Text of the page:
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    #12


    You sir are a true developer :0)
     
  13. Revelation78 macrumors 68000

    Revelation78

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    #13
    No they don't. They have to have the suspend APIs built in. They also don't "run" in the background either.
     
  14. DannySmurf macrumors 6502a

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    #14
    Hm, maybe I'm being fooled by a couple of my apps being better than I gave them credit for. No, they wouldn't run in the background unless they were written to. That's obvious.
     
  15. QuarterSwede macrumors G3

    QuarterSwede

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    #15
    That's true. Apple's apps work fine in suspend. It's already changed how I use the System app. With other apps it simply works like an app switcher which is actually very useful despite the limitation.
     
  16. Revelation78 macrumors 68000

    Revelation78

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    #16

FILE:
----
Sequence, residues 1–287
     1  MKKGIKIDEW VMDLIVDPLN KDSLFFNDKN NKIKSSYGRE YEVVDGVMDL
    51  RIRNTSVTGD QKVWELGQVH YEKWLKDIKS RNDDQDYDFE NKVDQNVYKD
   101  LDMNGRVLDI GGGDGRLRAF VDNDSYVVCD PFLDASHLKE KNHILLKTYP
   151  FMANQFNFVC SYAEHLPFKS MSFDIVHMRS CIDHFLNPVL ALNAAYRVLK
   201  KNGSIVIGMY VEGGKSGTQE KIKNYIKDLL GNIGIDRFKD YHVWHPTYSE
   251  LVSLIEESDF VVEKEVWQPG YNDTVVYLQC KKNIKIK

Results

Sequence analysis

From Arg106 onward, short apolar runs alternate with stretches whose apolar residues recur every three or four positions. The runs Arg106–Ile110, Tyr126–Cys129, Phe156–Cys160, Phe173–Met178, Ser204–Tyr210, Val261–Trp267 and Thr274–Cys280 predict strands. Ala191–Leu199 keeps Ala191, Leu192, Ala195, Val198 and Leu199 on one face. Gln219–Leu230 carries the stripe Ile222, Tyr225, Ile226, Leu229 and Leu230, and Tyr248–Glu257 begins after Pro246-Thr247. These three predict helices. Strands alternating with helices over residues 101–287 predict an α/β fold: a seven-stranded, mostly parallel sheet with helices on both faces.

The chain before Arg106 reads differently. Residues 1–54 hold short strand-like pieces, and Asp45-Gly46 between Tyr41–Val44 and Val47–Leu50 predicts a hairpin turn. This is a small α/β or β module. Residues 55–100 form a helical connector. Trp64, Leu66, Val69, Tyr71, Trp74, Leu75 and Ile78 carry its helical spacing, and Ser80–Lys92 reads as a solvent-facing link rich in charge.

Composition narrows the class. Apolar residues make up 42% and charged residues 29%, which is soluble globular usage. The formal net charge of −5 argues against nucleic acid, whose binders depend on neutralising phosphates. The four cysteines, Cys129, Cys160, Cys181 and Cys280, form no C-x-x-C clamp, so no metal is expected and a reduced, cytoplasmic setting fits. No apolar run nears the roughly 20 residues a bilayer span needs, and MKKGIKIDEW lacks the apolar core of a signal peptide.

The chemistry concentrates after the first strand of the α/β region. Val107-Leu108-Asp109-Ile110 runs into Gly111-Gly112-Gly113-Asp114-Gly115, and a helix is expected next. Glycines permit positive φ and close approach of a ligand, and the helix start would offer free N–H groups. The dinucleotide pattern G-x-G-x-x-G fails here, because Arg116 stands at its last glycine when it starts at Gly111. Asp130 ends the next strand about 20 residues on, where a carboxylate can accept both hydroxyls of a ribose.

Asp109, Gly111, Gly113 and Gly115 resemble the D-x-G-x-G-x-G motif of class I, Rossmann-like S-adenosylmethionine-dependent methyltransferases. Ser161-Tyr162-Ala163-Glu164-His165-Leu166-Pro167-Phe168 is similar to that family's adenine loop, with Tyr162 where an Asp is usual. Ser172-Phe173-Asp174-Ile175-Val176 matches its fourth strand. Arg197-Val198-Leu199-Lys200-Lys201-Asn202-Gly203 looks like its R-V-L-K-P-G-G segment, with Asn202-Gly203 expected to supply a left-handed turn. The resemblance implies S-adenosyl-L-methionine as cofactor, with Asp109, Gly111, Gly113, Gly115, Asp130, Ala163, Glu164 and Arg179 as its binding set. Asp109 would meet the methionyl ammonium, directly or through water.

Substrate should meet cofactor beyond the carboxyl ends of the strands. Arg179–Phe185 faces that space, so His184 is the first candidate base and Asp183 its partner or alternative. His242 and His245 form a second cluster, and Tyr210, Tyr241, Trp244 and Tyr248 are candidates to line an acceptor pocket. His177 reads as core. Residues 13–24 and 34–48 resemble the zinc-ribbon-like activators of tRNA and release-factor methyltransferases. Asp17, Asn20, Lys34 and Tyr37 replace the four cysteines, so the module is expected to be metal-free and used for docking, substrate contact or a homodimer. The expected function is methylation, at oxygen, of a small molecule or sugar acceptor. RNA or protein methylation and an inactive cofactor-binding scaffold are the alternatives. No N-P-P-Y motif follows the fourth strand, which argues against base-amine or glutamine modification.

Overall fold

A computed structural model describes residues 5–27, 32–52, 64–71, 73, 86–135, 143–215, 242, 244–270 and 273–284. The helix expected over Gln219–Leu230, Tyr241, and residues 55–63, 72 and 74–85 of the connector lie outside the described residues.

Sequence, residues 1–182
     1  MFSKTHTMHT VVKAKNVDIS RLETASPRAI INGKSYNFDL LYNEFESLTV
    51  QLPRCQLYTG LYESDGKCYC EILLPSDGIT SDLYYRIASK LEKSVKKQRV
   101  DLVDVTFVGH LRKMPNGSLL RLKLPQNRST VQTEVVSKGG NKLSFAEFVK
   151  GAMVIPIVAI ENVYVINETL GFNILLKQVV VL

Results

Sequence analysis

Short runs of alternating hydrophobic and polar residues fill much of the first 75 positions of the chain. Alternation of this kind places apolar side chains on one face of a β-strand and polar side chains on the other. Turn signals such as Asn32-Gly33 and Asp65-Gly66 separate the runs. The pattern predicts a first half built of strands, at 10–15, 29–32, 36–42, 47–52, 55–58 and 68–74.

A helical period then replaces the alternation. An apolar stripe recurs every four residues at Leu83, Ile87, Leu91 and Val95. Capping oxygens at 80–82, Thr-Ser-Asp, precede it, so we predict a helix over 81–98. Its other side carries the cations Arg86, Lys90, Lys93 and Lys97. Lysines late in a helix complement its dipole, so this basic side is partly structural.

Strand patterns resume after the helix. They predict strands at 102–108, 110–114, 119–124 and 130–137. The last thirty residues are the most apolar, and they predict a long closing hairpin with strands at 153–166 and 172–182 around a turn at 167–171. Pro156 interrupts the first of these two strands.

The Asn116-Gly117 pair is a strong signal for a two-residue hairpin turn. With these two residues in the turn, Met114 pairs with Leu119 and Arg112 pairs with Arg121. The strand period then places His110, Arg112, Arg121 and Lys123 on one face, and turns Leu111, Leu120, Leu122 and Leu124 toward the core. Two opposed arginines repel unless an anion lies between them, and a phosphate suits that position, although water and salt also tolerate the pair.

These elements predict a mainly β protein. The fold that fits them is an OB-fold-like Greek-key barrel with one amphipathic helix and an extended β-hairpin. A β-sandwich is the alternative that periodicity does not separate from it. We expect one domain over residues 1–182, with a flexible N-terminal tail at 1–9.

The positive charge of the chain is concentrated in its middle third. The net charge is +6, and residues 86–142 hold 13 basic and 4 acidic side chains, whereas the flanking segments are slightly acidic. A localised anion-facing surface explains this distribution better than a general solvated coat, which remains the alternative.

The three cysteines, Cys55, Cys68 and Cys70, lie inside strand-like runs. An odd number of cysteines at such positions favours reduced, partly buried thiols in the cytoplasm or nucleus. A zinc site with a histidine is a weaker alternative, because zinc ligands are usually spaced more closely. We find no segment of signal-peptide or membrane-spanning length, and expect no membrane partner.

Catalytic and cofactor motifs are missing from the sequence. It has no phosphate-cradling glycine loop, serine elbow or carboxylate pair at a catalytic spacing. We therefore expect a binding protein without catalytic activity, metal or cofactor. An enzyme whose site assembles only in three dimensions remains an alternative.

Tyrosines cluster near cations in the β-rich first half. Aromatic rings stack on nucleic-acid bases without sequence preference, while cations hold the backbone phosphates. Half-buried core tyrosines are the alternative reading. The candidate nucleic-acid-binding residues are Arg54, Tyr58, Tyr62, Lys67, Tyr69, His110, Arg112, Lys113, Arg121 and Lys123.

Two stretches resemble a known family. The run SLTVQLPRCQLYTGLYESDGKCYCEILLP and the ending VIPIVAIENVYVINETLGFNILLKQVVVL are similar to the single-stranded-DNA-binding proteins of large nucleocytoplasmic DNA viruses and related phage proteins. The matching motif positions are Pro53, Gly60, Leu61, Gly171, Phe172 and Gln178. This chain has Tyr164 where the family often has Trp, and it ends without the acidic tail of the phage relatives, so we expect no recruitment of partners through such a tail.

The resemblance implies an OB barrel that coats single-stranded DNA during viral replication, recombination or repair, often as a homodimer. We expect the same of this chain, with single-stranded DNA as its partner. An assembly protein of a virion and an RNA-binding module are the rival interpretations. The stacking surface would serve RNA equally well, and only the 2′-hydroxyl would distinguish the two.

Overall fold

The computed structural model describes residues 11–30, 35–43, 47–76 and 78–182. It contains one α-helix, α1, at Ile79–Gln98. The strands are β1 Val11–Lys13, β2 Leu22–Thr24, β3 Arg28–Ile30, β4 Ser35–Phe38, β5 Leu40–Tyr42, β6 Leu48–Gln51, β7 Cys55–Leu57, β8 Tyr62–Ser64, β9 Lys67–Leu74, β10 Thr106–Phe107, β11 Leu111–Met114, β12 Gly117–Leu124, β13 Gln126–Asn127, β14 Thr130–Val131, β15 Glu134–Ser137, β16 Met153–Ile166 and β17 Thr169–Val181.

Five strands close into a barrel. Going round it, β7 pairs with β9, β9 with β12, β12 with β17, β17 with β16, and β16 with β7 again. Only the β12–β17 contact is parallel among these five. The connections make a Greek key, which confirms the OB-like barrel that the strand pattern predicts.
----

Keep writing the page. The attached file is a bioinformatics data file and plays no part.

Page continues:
Yep!
     
  17. microcolt macrumors regular

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    #17
    At this current time there is no numerical limit to the amount of background apps iOS 4.0 can handle, at least not on my 3GS. Although remember that the only apps that support background usage at this time are the default applications built into iOS 4.0. (For example iPod, Mail, etc.)
     
  18. mbell75 macrumors 6502

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    #18
    Well thats going to suck. Apple really needs to get their sh*t together and stop screwing around. 256MB of RAM in brand new devices like my iPad and the new iPhone and very limited multitasking is pathetic, its not 2004 :rolleyes: Google and HTC can get it right, its embarrassing that Apple still cant, especially given how much money I spent on this iPad. Ridiculous.
     
  19. MikhailT macrumors 601